Richmond Fontaine Thirteen Cities Review

Album. Released 2007.  

BBC Review

Richmond Fontaine, while still delivering an accomplished album, fail to hit the heady...

Chris White 2007

Despite releasing two of the Americana’s most critically-lauded albums of the decade so far in 2004’s Post To Wire and the following year’s The Fitzgerald, Oregon’s Richmond Fontaine remain resolutely obscure compared to contemporaries like Ryan Adams and My Morning Jacket.

For their seventh studio album, the four-piece relocated from their native Portland to Tucson, Arizona to try and capture the sounds and character of the U.S. south-west, visiting each of the thirteen cities that give the collection its title. The initial signs are promising.

First song proper “Moving Back Home #2” effectively evokes Tucson residents Calexico, due in no small part to a horn section led by the band’s Jacob Valenzula. Another Calexico member, Joey Burns, contributes glockenspiel and moog to the brooding soundscape of instrumental “El Tiradito”, and five tracks in, the album looks set to deliver a winning blend of Richmond Fontaine’s trademark country-rock combined with the new musical ideas inspired by their Arizona adventure.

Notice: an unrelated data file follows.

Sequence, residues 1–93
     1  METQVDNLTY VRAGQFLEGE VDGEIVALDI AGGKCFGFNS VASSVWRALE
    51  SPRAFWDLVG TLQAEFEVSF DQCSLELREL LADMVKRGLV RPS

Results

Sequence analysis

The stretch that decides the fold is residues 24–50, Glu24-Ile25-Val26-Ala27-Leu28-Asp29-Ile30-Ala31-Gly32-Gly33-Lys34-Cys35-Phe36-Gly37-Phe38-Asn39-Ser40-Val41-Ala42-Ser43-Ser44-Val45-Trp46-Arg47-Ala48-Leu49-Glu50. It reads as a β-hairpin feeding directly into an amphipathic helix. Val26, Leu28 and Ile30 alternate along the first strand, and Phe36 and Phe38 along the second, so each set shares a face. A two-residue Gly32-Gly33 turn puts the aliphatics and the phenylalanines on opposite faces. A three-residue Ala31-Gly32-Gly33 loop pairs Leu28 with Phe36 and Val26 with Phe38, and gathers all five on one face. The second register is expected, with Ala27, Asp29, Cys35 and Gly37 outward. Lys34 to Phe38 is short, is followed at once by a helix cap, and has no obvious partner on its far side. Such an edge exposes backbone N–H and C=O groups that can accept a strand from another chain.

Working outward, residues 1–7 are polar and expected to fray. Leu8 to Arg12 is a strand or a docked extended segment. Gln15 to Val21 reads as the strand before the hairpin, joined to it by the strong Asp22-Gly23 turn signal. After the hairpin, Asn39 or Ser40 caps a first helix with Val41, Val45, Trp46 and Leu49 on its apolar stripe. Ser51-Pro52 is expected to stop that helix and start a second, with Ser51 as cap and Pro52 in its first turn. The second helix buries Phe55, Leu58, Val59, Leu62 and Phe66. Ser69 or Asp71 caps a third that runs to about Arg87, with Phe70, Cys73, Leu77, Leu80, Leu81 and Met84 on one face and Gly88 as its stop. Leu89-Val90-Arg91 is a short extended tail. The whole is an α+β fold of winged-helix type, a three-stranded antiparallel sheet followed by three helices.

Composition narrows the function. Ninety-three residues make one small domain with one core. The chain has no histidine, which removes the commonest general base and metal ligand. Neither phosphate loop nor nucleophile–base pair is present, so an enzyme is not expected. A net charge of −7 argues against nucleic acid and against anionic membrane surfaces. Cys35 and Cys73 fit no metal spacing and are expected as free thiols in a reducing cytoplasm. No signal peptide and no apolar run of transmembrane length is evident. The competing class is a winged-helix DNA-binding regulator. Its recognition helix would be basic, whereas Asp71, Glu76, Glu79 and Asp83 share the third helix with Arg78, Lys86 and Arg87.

Unfortunately, Thirteen Cities then rather inexplicably runs out of ideas. The remaining tracks fall somewhere between the exuberantly melodic road trip blues of Post To Wire and the sparser, folkier intimacy of The Fitzgerald, but without being as good as either.

Part of the problem is singer and band leader Willy Vlautin. A published novelist he may be, but his lyrical style, while undeniably evocative, is in danger of becoming stale. There’s only so many tales of drifting, drink-addled losers you can tell before they cease to be interesting. An exception is "The Disappearance of Ray Norton" which skilfully examines negative attitudes towards immigration in urban areas.

After such a strong start, it’s a real shame the experimentation of the early numbers is not sustained. As a result, the concept of a vivid, atmospheric tour around the disappearing American West is never fully realised, and Richmond Fontaine, while still delivering an accomplished album, fail to hit the heady heights of their last two works.

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